WASHINGTON (NewsNation Now) — President Joe Biden is set to hit the road Friday to mark Amtrak’s 50th anniversary in Philadelphia but he’ll also use it as a chance to push his sweeping $1.8 trillion infrastructure plan.
This comes on the heels of his Wednesday night speech to Congress when he called for $1.8 trillion in infrastructure spending and $2.3 trillion in aid for families, all funded by tax hikes on Americans making more than $400,000 per year.
The infrastructure proposal would devote $621 billion to improving roads, bridges, public transit and other transportation infrastructure. Of that, $80 billion would go toward tackling Amtrak’s repair backlog, improving service along the Northeast Corridor and expanding service across the U.S.
Amtrak said after Biden announced the plan that the corporation would upgrade and expand service, including by adding 30 new routes and adding trains on 20 existing routes across the U.S. by 2035. New service would begin in portions of northeast Pennsylvania including Scranton, where Biden was born, as well as Nashville, Tennessee; Columbus, Ohio; Phoenix; Las Vegas; Houston; Dallas; and Austin, Texas, if approved by Congress.
But while the $80 billion represents a significant investment, the money would not go far in terms of funding high-speed rail. Amtrak has estimated that it has a $31 billion repair backlog for its trains in the Northeast Corridor alone, and transportation analysts say adding new lines in that region could easily use up the funds that remain.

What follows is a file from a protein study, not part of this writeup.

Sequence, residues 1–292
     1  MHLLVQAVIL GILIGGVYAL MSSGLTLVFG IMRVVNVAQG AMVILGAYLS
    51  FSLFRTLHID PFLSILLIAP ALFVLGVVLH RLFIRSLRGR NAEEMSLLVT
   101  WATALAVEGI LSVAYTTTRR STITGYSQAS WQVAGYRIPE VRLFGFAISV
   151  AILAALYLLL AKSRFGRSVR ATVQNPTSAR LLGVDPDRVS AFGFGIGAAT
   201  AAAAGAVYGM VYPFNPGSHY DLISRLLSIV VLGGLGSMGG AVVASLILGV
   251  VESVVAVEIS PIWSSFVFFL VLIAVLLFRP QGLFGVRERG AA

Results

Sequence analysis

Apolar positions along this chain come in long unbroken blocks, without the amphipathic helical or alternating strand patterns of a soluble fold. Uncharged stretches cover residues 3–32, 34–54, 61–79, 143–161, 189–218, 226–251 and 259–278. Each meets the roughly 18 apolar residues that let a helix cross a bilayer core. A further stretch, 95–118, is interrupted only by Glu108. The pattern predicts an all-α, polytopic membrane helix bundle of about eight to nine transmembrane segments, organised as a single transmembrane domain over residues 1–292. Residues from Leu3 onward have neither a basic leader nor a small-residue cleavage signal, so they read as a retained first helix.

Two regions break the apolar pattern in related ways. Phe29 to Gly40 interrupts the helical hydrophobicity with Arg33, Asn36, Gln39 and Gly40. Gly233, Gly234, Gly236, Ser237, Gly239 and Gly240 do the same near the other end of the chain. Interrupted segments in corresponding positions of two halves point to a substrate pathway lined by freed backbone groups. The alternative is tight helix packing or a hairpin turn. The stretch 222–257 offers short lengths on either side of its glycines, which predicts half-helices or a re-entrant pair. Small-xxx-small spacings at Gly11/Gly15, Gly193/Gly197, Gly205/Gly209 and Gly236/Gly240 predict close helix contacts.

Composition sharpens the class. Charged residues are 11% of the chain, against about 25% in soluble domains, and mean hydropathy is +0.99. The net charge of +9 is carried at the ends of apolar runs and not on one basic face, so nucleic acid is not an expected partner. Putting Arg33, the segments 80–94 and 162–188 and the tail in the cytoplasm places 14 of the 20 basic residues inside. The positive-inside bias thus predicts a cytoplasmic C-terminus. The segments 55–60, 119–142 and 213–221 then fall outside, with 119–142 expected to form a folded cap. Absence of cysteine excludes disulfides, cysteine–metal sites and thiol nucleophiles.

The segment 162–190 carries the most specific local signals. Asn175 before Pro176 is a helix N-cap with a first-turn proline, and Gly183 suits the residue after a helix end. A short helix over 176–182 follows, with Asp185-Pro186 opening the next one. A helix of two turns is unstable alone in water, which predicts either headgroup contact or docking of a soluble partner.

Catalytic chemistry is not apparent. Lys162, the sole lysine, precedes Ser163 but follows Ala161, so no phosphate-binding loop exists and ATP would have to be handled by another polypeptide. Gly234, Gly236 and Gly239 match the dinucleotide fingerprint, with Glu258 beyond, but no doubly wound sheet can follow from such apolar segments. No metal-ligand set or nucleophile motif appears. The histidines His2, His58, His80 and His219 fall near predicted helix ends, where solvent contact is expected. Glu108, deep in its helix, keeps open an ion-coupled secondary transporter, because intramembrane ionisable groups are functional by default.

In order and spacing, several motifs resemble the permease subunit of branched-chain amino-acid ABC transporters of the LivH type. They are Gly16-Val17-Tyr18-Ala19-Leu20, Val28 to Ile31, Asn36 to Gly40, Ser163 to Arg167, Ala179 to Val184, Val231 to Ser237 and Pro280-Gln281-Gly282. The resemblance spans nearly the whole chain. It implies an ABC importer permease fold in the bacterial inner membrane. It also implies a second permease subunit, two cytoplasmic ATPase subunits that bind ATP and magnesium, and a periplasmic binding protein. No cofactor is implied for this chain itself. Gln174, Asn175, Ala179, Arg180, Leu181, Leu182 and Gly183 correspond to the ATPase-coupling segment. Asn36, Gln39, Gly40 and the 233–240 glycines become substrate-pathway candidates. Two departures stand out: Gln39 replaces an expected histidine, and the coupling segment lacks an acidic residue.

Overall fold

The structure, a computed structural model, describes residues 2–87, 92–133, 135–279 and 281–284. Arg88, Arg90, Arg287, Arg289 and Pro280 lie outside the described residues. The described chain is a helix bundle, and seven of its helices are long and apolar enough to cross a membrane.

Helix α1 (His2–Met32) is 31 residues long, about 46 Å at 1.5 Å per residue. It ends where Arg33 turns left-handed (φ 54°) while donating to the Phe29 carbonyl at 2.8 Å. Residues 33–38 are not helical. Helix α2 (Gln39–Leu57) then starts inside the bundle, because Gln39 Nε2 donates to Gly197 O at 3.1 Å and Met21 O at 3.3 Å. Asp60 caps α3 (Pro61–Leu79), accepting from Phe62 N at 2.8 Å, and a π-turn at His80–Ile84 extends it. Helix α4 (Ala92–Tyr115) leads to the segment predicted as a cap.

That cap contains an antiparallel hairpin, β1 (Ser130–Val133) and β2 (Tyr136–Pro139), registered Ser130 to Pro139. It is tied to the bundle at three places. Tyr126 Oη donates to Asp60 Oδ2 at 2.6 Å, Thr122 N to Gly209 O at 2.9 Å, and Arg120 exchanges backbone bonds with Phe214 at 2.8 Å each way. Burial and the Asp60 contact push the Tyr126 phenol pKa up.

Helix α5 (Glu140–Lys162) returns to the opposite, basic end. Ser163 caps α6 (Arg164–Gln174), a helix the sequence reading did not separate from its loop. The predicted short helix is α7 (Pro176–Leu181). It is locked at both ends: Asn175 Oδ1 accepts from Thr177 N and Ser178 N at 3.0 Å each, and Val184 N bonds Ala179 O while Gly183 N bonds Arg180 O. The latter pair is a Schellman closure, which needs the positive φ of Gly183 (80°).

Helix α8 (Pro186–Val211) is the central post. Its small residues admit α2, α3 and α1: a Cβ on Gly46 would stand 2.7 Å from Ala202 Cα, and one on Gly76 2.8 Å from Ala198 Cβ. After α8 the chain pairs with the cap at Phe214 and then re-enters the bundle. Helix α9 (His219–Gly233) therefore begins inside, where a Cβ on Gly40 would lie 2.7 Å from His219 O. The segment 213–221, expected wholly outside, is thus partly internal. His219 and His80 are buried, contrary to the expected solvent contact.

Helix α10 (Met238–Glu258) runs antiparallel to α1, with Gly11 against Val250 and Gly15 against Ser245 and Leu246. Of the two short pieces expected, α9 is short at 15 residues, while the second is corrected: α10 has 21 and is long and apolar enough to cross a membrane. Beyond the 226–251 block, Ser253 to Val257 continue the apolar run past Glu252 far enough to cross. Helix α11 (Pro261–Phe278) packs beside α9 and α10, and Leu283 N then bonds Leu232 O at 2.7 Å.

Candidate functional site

As a U.S. senator, Biden was a fixture on Amtrak trains between his home in Wilmington, Delaware, and Washington, D.C., when the Senate was in session. He continued riding Amtrak as vice president. He has sometimes been referred to as “Amtrak Joe.”
Republican lawmakers have been quick to criticize the infrastructure proposal from Biden. They say just a fraction of the spending would go to traditional infrastructure. Biden’s plan devotes $400 billion to expand Medicaid support for caregivers, and substantial portions would fund electric vehicle charging stations and address the racial injustice of highways that were built in ways that devastated Black neighborhoods
A Senate Republican counteroffer to Biden’s plan, totaling $568 billion over five years, would devote a slimmer $20 billion to U.S. rail service.
To help pay for their plan, the Republicans would rely on user fees, including for electric vehicles, and on redirecting unspent federal dollars. The outline does not offer specifics, such as which programs would receive funding. Republicans have rejected Biden’s proposal raising the corporate income tax from 21% to 28% to help pay for his plan.
Republicans earlier this year also offered a counterproposal to Biden’s $1.9 trillion COVID-19 relief plan. Their price tag came in at about one-third of what the president wanted, and he soon declared it inadequate. Democrats went forward on their own and passed the relief bill without the support of any GOP lawmakers.
Biden is spending more time this go-around listening to Republicans and voicing a willingness to consider their ideas, but the end result could be the same.